COLORADO SPRINGS — USA Basketball has turned its fall minicamp into a must-see event as nearly 60 of the nation’s best American high school basketball prospects attended.
The event featured Class of 2017 players competing for the Nike Hoop Summit and also Class of 2019 and Class of 2020 prospects who could compete for the USA U16 FIBA Americas team next summer. Here is a look at some players who were standouts in camp.
Class of 2017
Gary Trent Jr.., shooting guard — The 6-foot-6, 205 pound Trent Jr. had another impressive USA weekend as he was one of the tone-setters for the weekend. An incredibly physical guard who is wired to score, Trent Jr. can score on a number of short and compact dribble moves into shots and he’s also getting more confident and comfortable working the mid-post on smaller defenders. Trent continues to be one of the toughest and most physical perimeter players in the country and he’s improved his consistency as a passer and defender.
Wendell Carter Jr., forward — It was an impressive weekend for the 6-foot-10, 255 pound Carter as he was dominant as a post scorer and rebounder. Looking quick off the floor at his size, Carter easily finished above the rim and did a great job of rebounding at or above rim level on multiple occasions. Carter also went to work in the post and looked very at ease on the left block, where he used footwork and good touch to finish. Carter also made some plays as a shot blocker and has a good-looking jumper that could expand over time.
Trevon Duval, point guard — Statement weekend for the 6-foot-3, 180-pound point guard as he played against many other five-star prospects and came away looking like the best prospect among floor leaders. With his combination of elite athleticism, tight handle and improving feel for the position, Duval is impossible to keep out of the paint and once he gets near the rim he can explode and finish or contort his body and make a play for someone else. Duval can still be a bit wild and turnover prone, and his jumper is still a work-in-progress, but his defensive attributes are impressive and he’s the top point guard in the country.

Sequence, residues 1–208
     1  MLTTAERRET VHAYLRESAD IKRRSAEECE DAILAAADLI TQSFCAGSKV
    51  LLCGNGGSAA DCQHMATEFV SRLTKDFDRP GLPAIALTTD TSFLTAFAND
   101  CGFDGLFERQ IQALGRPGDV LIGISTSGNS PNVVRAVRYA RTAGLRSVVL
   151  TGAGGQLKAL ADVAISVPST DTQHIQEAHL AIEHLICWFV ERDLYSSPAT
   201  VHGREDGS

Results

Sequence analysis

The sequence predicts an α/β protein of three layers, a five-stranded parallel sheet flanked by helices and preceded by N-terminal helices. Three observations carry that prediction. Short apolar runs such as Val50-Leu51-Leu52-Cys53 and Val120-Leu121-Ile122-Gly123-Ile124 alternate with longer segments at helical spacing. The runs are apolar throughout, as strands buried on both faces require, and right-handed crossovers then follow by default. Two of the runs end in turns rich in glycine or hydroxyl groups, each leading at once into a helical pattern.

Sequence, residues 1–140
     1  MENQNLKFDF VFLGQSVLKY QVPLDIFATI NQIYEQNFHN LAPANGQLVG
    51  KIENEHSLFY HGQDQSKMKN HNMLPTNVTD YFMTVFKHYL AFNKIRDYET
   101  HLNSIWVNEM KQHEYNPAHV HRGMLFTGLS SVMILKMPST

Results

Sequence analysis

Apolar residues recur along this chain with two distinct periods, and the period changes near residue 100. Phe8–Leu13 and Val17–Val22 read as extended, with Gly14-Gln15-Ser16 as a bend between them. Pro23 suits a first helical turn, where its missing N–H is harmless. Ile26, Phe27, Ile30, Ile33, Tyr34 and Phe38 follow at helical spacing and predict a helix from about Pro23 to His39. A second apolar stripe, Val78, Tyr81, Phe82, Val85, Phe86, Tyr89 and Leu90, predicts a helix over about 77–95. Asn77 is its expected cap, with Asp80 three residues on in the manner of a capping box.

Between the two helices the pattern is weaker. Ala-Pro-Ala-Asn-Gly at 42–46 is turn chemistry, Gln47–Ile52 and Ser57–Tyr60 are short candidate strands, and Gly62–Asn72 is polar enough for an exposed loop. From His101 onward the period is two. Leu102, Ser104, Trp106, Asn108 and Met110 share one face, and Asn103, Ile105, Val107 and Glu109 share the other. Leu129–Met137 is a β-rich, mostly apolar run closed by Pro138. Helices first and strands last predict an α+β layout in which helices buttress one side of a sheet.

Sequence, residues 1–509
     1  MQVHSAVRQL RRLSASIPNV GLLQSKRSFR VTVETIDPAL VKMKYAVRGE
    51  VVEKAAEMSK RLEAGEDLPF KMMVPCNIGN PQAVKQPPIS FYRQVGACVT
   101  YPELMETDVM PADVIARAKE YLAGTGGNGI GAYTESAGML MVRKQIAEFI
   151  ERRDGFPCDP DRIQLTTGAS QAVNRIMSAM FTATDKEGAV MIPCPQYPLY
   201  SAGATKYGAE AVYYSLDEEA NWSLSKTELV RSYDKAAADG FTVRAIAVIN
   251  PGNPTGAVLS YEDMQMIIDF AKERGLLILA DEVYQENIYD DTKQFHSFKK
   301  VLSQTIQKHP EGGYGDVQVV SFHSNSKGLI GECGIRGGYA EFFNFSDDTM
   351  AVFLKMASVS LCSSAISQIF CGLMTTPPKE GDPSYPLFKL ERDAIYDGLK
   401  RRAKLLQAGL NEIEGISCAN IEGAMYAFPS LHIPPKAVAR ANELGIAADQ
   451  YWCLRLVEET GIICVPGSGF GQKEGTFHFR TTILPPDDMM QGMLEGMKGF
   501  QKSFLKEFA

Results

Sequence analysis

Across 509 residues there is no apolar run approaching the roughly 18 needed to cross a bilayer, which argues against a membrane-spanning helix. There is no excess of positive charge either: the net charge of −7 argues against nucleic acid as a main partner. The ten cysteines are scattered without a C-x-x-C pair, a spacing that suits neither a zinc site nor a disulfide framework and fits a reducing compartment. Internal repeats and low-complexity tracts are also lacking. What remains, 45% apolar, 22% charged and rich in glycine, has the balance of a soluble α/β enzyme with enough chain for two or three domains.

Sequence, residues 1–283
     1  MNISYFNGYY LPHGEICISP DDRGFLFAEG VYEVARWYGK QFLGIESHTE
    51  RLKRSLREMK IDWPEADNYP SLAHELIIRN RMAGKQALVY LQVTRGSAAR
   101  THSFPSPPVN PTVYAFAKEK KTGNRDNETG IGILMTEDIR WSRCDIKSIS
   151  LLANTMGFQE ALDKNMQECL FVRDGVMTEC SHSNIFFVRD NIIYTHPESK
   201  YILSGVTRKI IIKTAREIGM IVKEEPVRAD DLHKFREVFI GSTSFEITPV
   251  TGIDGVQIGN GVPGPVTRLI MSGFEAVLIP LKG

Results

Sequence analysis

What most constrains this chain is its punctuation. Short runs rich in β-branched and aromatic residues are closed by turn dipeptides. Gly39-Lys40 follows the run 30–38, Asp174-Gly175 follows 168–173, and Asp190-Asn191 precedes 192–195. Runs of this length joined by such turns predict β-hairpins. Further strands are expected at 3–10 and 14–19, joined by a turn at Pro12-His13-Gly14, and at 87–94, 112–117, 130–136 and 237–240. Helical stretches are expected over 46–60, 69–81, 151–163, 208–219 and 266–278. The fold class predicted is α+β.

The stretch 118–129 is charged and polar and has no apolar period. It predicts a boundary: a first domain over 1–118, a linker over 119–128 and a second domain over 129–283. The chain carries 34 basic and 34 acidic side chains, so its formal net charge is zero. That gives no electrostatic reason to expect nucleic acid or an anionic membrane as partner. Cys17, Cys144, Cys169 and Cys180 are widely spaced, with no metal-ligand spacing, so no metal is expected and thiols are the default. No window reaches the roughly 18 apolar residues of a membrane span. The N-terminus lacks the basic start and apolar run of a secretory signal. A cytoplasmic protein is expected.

Austin Wiley, center — The Auburn commit continues to build on solid USA Basketball performances as the 6-foot-11, 245-pound center was a bull in the paint and also showed an improved skill level. A powerful finisher who can rebound in traffic, Wiley showed an improved ability to work with both hands out of the post and he’s also improved his general conditioning and motor. Wiley was impressive and has great natural size and he’s firmly in the five-star track with a likely pro future.
D’shawn Schwartz, small forward — A Colorado Springs native who has impressed at this camp the last two years, the 6-foot-6 215-pound Schwartz was solid this weekend. The Colorado commit isn’t a five-star prospect and not viewed as having significant upside, but he continues to improve the consistency on his jumper and Schwartz is also becoming more confident and assertive attacking the hoop. Schwartz had a winning attitude and attacked each area with focus, winning a lot of drills and playing well despite being a late invite. He’s looking like a really solid get for Colorado and the type of potential All-Pac 12 player that they are able to keep home.
Kevin Knox II, small forward — An electric leaper who is versatile on both ends, Knox is a potentially elite rebounder and defender from the wing and he’s getting more comfortable creating offense on the wing. An improved jump shooter who is also improving his moves off the bounce, Knox can finish way above the rim and he’s tough to stop with a full head of steam. Defensively, Knox is capable of defending multiple positions because he’s quick off the floor as a leaper and it makes him a strong shot blocker from the wing and also a solid rebounder. If Knox improves his long-range consistency, then he’s likely a one-and-done player because he’s a special athlete.
Michael Porter Jr., small forward — The best player in the camp was the Washington commit as the now 6-foot-9 Porter was tremendous during the weekend. Continually improving in multiple facets of the game, Porter has improved his upper-body strength and it’s allowed him to comfortably operate from multiple levels of the floor on offense. Porter can use the mid-post to shoot over smaller defenders and he’s finishing more through contact. As a three-point shooter, Porter looks more confident and consistent and his easy-going release might make him a very good perimeter shooter. Porter was also a very good rebounder on both ends since he’s a gifted leaper with great size. Porter’s combination of size and skill makes him a top prospect in this class.